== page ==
Transcript of Scottish women scientists video

Transcript of Science Collections Curator Catherine Booth's filmed talk about Scottish women scientists at the National Library of Scotland.

Transcript of Science Collections Curator Catherine Booth's filmed talk about Scottish women scientists at the National Library of Scotland.

I'm [Catherine Booth] the curator of the science collections in the National Library of Scotland. I've been researching Scottish women of science. I didn't know much about the subject before I started but I've been amazed and fascinated by what I've found out.

One of the women that I started with was someone called Williamina Fleming. She was born in Dundee in 1857 and died in the USA in 1911. She left school when she was 14 and became a pupil-teacher. She then got married and she and her husband emigrated to the USA in 1878. Sadly her husband left her so she was left pregnant and on her own. She had to get some kind of work so she found work in the Harvard College Observatory as a maid.

The director of the observatory realised she was capable of a lot more work than that, better work than that and he employed her as one of his assistants. Her job became classifying and cataloguing stars. The photographs taken were the spectra from stars, from near and distant stars. And it was someone's job then to compare the spectra from one day to the next I suppose and she was given that task.

In that way she discovered more than 200 variable stars, 10 novae, 160 stars of other types and 59 nebuli including the Horsehead nebula which is quite well known.

This article in the journal 'Astronomy and astrophysics' in 1893 written by Williamina Fleming herself is called 'A field for women's work in astronomy'. It was a paper she gave in Chicago at a congress in astronomy and astrophysics in 1893. And she speaks about women's place in astronomy. She does talk about what she's doing and how she did it but the very end paragraph says:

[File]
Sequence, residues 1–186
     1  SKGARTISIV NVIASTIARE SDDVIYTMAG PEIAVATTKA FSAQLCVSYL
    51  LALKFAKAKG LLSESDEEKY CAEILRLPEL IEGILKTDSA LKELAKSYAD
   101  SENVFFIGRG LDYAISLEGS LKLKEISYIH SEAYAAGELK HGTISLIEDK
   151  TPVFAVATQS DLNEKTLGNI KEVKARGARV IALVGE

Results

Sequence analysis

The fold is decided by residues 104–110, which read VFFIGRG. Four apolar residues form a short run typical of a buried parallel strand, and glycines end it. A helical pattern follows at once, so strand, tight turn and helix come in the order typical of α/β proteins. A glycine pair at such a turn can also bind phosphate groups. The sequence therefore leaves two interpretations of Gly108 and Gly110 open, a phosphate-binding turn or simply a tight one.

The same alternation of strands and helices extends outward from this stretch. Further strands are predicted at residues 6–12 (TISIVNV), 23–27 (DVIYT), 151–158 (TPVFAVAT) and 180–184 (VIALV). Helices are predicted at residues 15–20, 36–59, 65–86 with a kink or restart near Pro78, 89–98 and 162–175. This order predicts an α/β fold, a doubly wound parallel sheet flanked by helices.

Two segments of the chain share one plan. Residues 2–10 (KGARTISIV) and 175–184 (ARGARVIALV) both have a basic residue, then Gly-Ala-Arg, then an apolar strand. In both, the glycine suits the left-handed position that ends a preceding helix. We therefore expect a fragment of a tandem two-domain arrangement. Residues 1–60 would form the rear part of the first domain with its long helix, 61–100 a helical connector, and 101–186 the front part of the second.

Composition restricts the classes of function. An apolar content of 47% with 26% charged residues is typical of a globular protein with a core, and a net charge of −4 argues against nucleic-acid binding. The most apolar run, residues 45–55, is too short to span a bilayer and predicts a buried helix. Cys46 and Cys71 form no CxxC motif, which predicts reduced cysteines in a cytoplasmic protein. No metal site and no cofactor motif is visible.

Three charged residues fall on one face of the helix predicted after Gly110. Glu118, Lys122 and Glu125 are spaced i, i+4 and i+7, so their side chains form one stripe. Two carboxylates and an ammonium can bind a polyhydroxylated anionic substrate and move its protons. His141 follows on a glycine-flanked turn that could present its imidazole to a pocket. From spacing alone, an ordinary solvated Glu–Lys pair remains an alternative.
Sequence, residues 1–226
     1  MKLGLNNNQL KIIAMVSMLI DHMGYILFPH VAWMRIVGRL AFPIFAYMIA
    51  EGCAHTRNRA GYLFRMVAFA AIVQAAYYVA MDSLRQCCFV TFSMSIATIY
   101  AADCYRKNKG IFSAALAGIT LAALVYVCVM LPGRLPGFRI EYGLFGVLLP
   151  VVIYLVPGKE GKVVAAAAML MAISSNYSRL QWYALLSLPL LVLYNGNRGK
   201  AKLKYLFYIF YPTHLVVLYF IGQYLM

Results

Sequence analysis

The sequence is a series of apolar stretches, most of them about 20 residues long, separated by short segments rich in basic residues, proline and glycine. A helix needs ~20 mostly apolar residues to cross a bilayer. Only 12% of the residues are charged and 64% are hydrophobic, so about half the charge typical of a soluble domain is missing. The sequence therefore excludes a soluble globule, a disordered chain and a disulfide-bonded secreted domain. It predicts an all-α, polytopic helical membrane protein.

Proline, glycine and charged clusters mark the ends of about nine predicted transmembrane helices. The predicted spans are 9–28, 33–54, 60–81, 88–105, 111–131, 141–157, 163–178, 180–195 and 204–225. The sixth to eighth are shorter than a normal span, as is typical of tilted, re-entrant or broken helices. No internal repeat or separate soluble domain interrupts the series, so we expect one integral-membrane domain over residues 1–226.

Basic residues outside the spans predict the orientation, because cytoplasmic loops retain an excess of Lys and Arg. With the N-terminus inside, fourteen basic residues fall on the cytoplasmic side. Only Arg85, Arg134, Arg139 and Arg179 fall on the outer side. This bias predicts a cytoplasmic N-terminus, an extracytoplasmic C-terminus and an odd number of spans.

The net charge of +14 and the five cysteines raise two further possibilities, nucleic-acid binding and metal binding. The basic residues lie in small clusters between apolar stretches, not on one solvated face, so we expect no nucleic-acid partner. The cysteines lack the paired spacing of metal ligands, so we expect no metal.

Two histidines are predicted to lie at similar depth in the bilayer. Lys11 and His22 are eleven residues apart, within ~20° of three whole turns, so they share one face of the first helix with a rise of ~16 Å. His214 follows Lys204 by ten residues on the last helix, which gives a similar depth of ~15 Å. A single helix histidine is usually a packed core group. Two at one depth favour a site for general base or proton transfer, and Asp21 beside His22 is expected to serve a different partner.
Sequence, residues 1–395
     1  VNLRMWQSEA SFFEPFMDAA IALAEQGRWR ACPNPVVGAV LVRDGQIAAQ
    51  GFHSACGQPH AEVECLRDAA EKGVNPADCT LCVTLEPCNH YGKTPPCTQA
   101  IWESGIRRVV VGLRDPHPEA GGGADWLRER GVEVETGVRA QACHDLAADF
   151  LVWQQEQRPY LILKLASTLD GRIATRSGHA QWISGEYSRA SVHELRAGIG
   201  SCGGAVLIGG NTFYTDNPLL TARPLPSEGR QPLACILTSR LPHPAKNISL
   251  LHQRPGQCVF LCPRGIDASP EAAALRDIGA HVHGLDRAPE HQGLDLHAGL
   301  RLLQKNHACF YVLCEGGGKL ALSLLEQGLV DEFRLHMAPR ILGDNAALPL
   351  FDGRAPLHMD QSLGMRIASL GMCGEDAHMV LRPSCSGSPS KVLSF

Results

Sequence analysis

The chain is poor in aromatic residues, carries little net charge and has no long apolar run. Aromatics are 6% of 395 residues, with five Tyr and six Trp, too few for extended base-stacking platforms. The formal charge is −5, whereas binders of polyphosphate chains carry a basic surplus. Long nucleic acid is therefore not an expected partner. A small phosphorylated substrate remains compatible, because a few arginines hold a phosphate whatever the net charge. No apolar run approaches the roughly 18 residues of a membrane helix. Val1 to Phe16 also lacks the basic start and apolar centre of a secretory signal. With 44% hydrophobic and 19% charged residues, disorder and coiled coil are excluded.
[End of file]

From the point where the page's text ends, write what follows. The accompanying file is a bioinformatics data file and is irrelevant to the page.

'… while we cannot maintain that in everything woman is man's equal yet in many things her patience, perserverance and method makes her his superior. Therefore let us hope that in astronomy which now affords a large field for woman's work in skill, she may, as has been the case in several other sciences, at least prove herself his equal.'

This was written on 4th August 1893.

This little article is an obituary written by her colleague in the Harvard observatory and it gives some lovely little facts about her personal life. That she loved football — 'there was no more enthusiastic spectator in the stadium for the football games. No more ardent champion of the Harvard 11.'

It also says 'her bright face, her attractive manner and her cheery greeting with its charming Scotch accent will long be remembered by even the most casual visitors to the Harvard College Observatory.' So she was quite a lady.

Another scientist I've been finding out about, a female scientist, was someone called Muriel Robertson. Her dates were 1883 to 1973. She was a Protozoologist. She studied early life forms, single-cell creatures, and was also a Bacteriologist.

She was born in Glasgow, a family of 12 children and she was the seventh. It must have been a relatively prosperous household. The children were all educated at home.

When Muriel was 16, sadly her father died and she realised she'd have to think about what she was going to do. She decided to go to university to do an arts course. Now at that time when you did an arts course, you did science as well. So she started studying mathematics, zoology, botany as well as other things before she started her arts course.

She discovered she was really keen on the zoology and she was awarded a Carnegie research scholarship when she was finished and given a bench in the laboratory to work on the protozoa, the single-celled organisms that she was very interested in.

She also became interested in trypanosomes which are parasites carried by various insects including tsetse flies. And in 1911 she was given an appointment in Uganda to study the trypanosomes on tsetse flies. She was there for three years and it seems she went around on her bicycle in Uganda doing her research.

While she was there she published, or had an article published in the 'Philosophical transactions of the Royal Society' on trypanosomes. There's a long list, over 60 articles and papers that she wrote during her working life. She was one of the first women to be made a Fellow of the Royal Society in London.

Muriel Robertson's legacy continues today. You can look in one of our electronic products called 'Web of science' and find papers that she has written and how often they are still cited today.

I have become completely hooked on the lives and work of so many women. I researched about 11, but there's at least another 30 out there that are worth looking at. You get such wonderful stories of how much they've done, how they coped with adversity, bravery, courage, and standing up for themselves. We have a number that were awarded MBEs, OBEs, Fellows of one of the royal societies, received medals from learned institutes across the world.

We need to celebrate these women. They are quite something and they deserve to be much better known.


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